Editors' Choice


Where the Body Meets the Mind

Then, the horizon glows a pale yellow just before it burns red, or maybe calms with orange and pink. The industrial architecture is first unveiled by a pale light, and the distance afforded to me, on the river, allows for the fleeting feeling that nothing is complicated and moments can just be appreciated as aesthetic experiences.


Remy the Cat, An Ecological Menace

With  over 12,000 followers on Instagram, Remy has undoubtedly become one of the most popular animals on campus. But his celebrity obscures  all the questionable actions that cast doubt on whether we should uplift him in the first place: is Remy really the friendly cat that he purports to be, or is he “purr” evil?


For Some Palestinian Organizers, the Israel Trek is a Microcosm of a Broader ‘Power Imbalance’

Over spring break, about 100 Harvard students went on Israel Trek and participated in discussions with high-ranking Israeli and Palestinian officials, including the president of Israel. However, Harvard Out of Occupied Palestine — a student organization led by the Harvard College Palestine Solidarity Committee — disputes the Trek’s claim that it provides a balanced perspective on the Israel-Palestine conflict.


A Gentile's First Seder

We take turns dipping karpas (parsley, to symbolize springtime and rebirth) into saltwater (to symbolize the bitterness of tears shed during enslavement) and eating it. Everyone else seems to know what they’re doing, but I can’t tell if I’m messing something up.


Hell Doesn't Seem So Hot From Up Here

Morisey looks back on her experience at Radcliffe with bittersweet pride. Even as she reminisces on the difficulty of being a Black Cliffie, I sense that she sees a bigger picture, one beyond each negative moment she experienced as an undergraduate. This doesn’t necessarily mean ignoring pain and strife or dismissing her 1969 self’s experiences, but Morisey refuses to let these moments define her.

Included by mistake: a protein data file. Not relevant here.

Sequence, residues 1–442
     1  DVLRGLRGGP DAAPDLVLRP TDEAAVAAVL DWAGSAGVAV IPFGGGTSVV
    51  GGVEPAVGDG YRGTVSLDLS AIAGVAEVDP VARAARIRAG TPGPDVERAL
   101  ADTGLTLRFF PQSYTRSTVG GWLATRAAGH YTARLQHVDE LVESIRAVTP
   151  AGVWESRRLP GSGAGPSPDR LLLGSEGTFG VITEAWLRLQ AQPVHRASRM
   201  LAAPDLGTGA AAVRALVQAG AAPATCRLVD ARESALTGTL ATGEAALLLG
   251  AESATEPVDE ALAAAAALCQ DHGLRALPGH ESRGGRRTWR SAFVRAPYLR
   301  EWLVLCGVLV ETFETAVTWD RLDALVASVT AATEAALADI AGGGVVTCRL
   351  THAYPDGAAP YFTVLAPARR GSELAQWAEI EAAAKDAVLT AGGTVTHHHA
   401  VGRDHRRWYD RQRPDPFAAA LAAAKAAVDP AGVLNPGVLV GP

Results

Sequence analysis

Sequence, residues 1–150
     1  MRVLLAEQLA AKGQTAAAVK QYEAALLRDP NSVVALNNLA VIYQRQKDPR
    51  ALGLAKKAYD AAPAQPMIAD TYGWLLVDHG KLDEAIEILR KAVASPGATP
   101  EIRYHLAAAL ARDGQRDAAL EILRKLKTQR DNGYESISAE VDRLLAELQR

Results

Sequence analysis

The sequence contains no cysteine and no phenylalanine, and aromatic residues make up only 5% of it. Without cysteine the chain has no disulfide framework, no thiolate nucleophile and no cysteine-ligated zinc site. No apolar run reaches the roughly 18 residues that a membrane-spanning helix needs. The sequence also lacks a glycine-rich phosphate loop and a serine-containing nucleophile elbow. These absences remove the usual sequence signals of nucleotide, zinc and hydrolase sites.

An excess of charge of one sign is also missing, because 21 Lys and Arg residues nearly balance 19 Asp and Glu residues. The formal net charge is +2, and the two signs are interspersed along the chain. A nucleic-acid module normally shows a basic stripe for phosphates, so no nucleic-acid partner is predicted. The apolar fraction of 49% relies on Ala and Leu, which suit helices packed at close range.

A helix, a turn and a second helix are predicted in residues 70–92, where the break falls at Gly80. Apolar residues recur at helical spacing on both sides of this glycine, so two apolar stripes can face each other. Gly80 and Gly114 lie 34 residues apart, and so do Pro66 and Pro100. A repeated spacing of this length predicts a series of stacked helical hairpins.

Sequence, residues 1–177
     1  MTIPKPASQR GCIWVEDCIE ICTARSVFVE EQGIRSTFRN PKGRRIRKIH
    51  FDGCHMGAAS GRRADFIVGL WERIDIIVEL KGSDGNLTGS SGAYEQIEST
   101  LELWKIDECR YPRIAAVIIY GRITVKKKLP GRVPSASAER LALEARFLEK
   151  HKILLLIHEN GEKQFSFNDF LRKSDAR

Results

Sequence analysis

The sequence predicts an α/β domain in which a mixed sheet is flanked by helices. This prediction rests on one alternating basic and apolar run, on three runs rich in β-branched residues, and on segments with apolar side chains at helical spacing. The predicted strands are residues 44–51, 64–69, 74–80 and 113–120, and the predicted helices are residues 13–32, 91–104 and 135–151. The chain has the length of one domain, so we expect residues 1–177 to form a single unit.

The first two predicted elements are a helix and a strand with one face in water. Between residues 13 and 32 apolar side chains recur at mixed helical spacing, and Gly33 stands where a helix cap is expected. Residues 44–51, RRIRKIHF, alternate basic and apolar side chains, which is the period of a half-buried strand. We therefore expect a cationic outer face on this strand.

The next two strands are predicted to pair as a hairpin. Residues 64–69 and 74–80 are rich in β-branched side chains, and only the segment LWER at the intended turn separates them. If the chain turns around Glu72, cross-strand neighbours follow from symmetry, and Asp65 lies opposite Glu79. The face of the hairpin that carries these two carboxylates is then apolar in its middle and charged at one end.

A Night With ASS (Adams Seance Society)

A voice pierces the silence, inquiring if there are spirits there with them. They wait with eager ears. Suddenly, it comes — a tap on the walls — faint and indistinct, but enough to send the room into an uproar.


Fueled by Coconuts and Adrenaline, Swati Goel '25 Lives Her 'Biggest Dream' on Survivor

For Goel, the show has been a comfort since middle school — like “chicken soup,” she says. “It’s just the thing I would watch whenever I was upset or sad.” Auditioning for the show was a bucket-list item for her.


A Spring of Discontent

But before local school board members started contending with critical race theory, critical legal studies was fanning a flame that would spark one of the most tense periods in the history of Harvard Law School.


The Ghostly Outlines of Harvard's Fallen Foliage

Natural pests have plagued Harvard’s elms, while University administrators — more concerned with practicality than aesthetics — launched a plan to remove ivy from Harvard’s hallowed halls.


Lindsay Sanwald, Her Loop Pedal, and Her Surf Board

A Masters of Divinity candidate graduating this spring, Sanwald lets her spirituality manifest in a variety of ways: the psychedelic indie-rock one-woman show she performs under the stage name Idgy Dean,; the Patreon account she runs to offer sermons, spiritual guidance, and meditation to monthly subscribers, and, as of late, surfing.


For FGLI Students, the Complicated Calculus Behind Gapping

Taking time off is a hard decision to make, one that requires some deprogramming of the addiction to ladder-climbing that got us into Harvard in the first place — but for those who choose to take the leap, it’s an invaluable opportunity to reflect and reevaluate. But what about those who are never given the choice in the first place?


Where the Wild Things Are: The Urban Ecology of Harvard Square

To the squirrels, turkeys, and geese that make their homes here, we are mere guests for four years. FM set out to honor our gracious hosts by investigating their history and capturing their daily life. While doing so, we uncovered some pretty neat stuff.


A Vaccine for the Next Pandemic

Many researchers are trying to develop an entirely different type of vaccine — a universal one. A pan-coronavirus vaccine would protect against strains of Covid-19, a future strain of SARS-CoV-3, or even a new coronavirus that might not yet have jumped from animals to humans.


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